if your try to make it so that no one can get in or open the garage door do what i did and it cost less than $40.00!! what you need is 1=24 volt transformer 1= 24 volt 2 pole contactor like used on a A/C unit and some switches and 24 light to let you know if you left the switch on?1st find the the breaker going to the outlet that powers the to the opener and turn the power offf.BE VERY CAREFUL WHEN DOING THIS AND WORKING AROUND LIVE POWER WIRES!!!!! what you want to do is find the hot(black wire and the white netural wire) remove both from the breaker and netural buss bar and hook the hot to one screw on the bottom left and the netural wire to the bottom right screw. thentake a short section of wire the same size 12 -14 ga wire and hook the hot (black wire to the top left screw and do the same for the white or netural wire for the top left screw. than hook the black or hot wire back to the breaker and the white or netural wire to the netural buss bar.net run at least a 24 ga 4 cond wire to where you want to control the switches.take the transformer and hook it to the same breaker as the opener.i have the 24 ga wires going from 1 side of the transformer(1 wire only) going to the contactor and the other power wire from the transformer going in side to the switch than going back to the contactor.The switch is a spst swith and there are only 2 power (24 volt ) wires off of the transformer. also with the extra 2 wires you can hook to the 2 screw on th back of the opener for the push button and open it from and room you want to?? also if you want to get fancy you can do what i did and installed 2 micro switches on thd door track and lights at the control panel to let me know if the door is open or closed and if i left the power switch on!!cool huh?? with the switch off the contactor is not pulled in and no one can get in even if they have the correct code. i have had mine installed for the last 4 years and no problem with it and think how long your a/c contactor last and the transformer . hope this helps alittle and if you hve any questions or need help e-mail me firstname.lastname@example.org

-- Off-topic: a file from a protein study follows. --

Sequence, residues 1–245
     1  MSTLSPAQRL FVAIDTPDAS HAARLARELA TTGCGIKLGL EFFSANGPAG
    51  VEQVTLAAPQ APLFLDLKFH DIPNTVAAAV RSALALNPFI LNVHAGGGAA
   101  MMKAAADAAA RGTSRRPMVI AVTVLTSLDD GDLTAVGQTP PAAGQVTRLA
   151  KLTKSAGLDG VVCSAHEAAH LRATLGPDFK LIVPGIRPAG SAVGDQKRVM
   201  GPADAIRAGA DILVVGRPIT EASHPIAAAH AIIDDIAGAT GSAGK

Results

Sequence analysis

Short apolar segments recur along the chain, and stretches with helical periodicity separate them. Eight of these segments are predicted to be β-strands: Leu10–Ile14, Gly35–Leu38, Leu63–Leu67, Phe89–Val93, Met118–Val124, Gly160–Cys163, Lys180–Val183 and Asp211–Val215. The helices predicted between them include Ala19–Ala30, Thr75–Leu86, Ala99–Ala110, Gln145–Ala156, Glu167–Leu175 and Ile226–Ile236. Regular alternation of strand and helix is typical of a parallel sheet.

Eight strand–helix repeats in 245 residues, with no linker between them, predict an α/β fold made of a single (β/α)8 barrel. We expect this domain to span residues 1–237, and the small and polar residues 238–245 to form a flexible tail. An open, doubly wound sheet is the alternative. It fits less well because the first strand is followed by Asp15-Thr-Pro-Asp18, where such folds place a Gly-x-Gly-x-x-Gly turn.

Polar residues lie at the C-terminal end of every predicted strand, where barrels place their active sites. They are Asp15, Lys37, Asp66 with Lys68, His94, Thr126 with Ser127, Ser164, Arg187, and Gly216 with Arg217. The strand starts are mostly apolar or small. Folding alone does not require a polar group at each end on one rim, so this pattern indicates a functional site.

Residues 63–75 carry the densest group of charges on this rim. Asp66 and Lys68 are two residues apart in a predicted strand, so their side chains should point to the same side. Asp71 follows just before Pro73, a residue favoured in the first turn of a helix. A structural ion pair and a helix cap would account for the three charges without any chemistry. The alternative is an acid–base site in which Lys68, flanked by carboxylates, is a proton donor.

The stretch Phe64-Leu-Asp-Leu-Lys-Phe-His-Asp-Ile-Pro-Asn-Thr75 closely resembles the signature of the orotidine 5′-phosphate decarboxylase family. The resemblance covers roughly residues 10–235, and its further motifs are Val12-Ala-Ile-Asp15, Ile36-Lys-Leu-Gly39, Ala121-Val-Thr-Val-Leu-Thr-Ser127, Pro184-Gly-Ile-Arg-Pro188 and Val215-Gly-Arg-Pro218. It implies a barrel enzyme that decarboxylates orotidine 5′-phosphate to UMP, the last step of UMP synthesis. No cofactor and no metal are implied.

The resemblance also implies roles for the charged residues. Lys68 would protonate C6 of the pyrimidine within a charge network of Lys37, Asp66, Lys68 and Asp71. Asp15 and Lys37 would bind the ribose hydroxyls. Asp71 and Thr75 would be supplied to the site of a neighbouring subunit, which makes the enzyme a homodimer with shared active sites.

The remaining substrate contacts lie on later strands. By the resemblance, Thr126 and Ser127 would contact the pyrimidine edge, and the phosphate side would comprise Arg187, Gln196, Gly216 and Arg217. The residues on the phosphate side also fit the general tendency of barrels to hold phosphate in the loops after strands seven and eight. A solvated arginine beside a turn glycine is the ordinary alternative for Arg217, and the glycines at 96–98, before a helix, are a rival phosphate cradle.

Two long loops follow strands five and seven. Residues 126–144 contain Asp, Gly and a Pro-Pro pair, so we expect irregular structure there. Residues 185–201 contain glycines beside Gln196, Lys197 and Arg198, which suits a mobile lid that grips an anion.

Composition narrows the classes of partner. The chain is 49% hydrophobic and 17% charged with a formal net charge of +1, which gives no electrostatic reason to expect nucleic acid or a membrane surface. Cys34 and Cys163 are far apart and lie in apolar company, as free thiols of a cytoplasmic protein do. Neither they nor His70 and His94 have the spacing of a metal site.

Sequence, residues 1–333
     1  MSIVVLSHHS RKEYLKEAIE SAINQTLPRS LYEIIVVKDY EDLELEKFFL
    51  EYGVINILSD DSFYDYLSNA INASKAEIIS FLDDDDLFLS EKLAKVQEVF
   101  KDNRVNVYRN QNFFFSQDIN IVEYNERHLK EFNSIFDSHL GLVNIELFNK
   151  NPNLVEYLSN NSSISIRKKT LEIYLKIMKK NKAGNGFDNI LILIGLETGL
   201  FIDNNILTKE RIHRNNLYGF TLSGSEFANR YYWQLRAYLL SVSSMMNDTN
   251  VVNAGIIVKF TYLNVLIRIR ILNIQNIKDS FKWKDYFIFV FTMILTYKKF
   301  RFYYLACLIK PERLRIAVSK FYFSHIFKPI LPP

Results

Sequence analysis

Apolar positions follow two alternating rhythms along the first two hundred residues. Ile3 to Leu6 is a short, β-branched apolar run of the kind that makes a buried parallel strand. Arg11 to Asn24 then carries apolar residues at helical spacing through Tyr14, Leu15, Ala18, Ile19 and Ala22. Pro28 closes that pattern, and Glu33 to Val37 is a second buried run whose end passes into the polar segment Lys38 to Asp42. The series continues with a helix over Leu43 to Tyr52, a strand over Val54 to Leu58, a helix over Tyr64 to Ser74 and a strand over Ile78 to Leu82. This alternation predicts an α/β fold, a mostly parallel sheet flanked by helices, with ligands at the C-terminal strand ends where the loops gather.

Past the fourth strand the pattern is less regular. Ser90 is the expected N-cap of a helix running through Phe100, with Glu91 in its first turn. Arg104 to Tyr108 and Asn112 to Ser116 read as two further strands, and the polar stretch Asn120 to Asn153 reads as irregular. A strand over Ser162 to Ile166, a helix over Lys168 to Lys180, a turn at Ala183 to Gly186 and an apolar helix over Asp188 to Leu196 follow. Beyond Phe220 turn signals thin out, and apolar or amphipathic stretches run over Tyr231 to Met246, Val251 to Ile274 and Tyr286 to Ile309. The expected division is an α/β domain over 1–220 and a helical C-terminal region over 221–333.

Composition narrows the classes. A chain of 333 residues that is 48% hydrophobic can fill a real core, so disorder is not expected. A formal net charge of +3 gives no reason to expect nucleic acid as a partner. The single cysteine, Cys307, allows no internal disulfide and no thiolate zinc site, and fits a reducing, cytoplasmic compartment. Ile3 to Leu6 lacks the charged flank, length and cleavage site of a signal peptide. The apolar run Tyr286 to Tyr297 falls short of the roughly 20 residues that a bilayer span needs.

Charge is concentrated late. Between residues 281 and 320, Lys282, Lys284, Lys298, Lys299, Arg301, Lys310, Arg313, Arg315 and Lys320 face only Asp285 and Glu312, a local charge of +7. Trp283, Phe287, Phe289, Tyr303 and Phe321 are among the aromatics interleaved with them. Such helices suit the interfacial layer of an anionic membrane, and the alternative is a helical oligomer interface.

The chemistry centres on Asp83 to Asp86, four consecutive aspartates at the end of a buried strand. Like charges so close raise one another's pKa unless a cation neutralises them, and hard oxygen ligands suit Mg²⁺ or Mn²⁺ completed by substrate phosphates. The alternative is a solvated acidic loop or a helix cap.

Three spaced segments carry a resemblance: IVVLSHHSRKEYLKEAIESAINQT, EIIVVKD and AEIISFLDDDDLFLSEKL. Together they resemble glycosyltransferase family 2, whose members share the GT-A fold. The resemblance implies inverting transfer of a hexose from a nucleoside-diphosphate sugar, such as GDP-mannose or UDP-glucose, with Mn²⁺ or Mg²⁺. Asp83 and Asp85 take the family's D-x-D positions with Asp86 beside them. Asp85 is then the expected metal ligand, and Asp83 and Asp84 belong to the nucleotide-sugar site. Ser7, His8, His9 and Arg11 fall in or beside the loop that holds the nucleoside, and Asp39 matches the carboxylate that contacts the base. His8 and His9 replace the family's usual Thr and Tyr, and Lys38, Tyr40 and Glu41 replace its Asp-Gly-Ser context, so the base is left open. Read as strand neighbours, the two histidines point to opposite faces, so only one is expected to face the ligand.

06-10-2006, 12:09 AM